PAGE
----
NeoGeo Pocket Color Selection Vol. 2 – Review
Follow Genre: Retro collection
Developer: SNK
Publisher: SNK
Platform: Switch, NeoGeo Pocket Color
Tested on: Switch

NeoGeo Pocket Color Selection Vol. 2 – Review

Site Score
Good: Good emulation
Bad: Three games are untranslated
User Score
(1 votes)
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Rating: 7.0/10 (1 vote cast)

Well, this one has been a long time coming. Back when we reviewed the NeoGeo Pocket Selection Vol. 1, in April of last year, we already suspected we were going to take a look at Vol. 2 some day. A couple of drip-fed single game releases later, that day has finally come. We had mixed feelings about that first collection, but perhaps this second batch has enough to offer to change our minds. Let’s find out, shall we?

Just like when we reviewed Vol. 1, we’re stepping away from our usual review format to take a look at the selection of included games as a whole. Vol.2 definitely seems like a much more comprehensive package at first glance. Both collections included ten titles, but Vol. 1 mainly focused on fighting titles, whereas there is a lot more variety here. Additionally, Vol. 2 offers six “new” games, with only four of the included titles having been released separately before. Vol. 1 had that same six-to-four ratio flipped, offering only four new titles. Does this mean that Vol. 2 is the better package? Well, not quite. Before we fully dive in though, let’s list the included titles here, for the sake of completeness. The returning games are Mega Man Battle & Fighters, Big Bang Pro Wrestling, Biomotor Unitron, and SNK vs. Capcom: Card Fighters Clash. Joining these are Puzzle Link 2, King of Fighters: Battle de Paradise, Gangbare Neo Poke-Kun, Baseball Stars, Neo Geo Pocket Tennis, and Neo Geo Cup ‘98 Plus.

If you’ve read our review of Mega Man Battle & Fighters, you may remember that the game lacked an English translation and that you were supposed to continuously switch between the manual and the game. If you had any hopes of Vol. 2 rectifying this, then not only do we need to crush those hopes, but we have the unfortunate honor of informing you that SNK has made the same mistake again… twice. Both King of Fighters: Battle de Paradise and Gangbare Neo Poke-Kun are presented here in Japanese, with no English translation present. We couldn’t even figure out what Gangbare Neo Poke-Kun‘s gameplay expected from us, and the board game-esque approach of King of Fighters: Battle de Paradise made for a frustratingly inaccessible experience if you didn’t quite know what the hell was going on. If you don’t mind constantly swapping between the manual and the game, all the more power to you, but we did not enjoy either of these titles because of this. To make matters worse, one of the minigames in King of Fighters: Battle de Paradise is a quiz with multiple-choice answers. Of course, if you can’t read the question or the answers, you can guess blindly, but that’s obviously not how it should be played.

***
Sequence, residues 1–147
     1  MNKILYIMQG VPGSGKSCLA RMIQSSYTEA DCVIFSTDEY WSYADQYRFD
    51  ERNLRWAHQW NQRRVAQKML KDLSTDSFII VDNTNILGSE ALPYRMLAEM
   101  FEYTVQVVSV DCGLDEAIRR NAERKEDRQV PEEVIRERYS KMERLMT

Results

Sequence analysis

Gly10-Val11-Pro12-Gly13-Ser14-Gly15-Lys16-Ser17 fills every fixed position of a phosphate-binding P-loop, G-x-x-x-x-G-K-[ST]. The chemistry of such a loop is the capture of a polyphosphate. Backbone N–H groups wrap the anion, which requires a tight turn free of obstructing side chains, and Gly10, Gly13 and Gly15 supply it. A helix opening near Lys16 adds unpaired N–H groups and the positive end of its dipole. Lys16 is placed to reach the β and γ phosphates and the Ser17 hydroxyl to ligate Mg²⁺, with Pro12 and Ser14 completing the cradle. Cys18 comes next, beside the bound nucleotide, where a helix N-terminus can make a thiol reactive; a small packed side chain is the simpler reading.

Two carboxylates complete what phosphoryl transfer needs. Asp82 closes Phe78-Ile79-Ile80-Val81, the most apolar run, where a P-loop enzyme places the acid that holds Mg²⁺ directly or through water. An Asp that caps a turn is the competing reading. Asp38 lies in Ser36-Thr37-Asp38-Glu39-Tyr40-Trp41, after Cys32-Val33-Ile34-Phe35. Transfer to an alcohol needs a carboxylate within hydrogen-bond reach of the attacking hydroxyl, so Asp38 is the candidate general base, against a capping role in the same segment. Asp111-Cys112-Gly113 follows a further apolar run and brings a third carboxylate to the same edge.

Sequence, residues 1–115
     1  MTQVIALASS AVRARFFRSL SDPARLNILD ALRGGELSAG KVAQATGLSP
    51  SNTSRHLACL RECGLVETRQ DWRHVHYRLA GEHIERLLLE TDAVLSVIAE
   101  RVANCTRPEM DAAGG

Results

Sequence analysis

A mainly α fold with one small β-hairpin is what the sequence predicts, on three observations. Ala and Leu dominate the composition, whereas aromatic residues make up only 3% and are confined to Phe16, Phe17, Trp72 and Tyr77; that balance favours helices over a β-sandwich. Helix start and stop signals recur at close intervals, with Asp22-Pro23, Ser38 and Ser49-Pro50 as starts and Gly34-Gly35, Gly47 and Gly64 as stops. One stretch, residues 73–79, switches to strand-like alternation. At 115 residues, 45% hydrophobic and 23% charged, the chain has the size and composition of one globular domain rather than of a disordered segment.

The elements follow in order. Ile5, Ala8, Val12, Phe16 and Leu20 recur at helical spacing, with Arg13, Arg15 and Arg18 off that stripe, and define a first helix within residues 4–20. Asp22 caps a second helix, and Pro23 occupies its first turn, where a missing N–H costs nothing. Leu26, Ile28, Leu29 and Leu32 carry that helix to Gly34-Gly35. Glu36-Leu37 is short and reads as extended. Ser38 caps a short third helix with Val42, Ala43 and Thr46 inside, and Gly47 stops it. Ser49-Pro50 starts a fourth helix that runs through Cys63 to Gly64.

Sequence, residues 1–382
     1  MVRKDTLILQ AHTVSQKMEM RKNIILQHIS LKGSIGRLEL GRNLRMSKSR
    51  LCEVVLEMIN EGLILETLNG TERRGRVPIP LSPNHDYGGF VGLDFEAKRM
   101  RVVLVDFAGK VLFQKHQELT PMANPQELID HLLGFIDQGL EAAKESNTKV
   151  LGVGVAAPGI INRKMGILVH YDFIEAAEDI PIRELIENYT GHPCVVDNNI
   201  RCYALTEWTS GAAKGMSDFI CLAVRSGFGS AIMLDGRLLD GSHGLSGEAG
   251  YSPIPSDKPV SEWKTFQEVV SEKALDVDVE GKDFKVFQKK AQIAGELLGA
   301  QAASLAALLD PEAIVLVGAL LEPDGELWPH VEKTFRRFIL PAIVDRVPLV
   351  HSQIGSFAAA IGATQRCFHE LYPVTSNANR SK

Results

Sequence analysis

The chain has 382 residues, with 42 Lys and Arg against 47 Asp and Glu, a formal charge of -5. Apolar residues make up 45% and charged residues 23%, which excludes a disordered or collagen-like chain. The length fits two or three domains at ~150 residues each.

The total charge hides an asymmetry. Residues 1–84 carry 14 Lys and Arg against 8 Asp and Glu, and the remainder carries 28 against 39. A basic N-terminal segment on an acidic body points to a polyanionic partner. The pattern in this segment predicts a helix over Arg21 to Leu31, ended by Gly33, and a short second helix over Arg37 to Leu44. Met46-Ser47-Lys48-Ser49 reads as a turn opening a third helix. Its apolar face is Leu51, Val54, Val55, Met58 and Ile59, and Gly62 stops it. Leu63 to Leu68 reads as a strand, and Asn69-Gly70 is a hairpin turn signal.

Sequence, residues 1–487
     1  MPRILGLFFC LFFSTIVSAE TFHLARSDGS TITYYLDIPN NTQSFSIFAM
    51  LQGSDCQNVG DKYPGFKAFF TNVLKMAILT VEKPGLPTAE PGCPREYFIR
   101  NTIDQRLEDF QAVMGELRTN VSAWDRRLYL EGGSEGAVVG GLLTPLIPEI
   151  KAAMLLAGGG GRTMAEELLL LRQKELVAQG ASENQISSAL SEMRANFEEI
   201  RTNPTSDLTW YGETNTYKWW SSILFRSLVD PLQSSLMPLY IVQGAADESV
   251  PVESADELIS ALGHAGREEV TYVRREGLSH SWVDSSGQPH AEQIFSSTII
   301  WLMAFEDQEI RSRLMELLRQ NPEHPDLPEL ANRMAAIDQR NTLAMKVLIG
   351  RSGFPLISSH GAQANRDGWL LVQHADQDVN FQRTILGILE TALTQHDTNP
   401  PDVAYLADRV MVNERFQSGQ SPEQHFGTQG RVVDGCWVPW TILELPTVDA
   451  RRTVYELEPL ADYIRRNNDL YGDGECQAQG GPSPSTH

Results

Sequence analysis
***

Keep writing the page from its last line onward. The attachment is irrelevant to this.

Fortunately, the other four “new” games fare a bit better, with Puzzle Link 2 perhaps the highlight. Puzzle gameplay tends to be timeless and this Tetris-like title is exemplary of this. It even supports local multiplayer. The other three games included here are sports-based: It should be clear from the titles what Baseball Stars and Neo Geo Pocket Tennis are about, and the third game, Neo Geo Cup ‘98 Plus presents players with a very simplistic top-down interpretation of soccer. They’re all effective in what they do but like most Neo Geo Pocket titles, these sports games lack depth and the novelty wears off after a few minutes. It seems that although Vol. 2 offers more variety than its predecessor, the quality of the included titles is a bit lesser, especially when you compare the selection to heavy hitters like the two Metal Slug titles or Dark Arms: Beast Buster.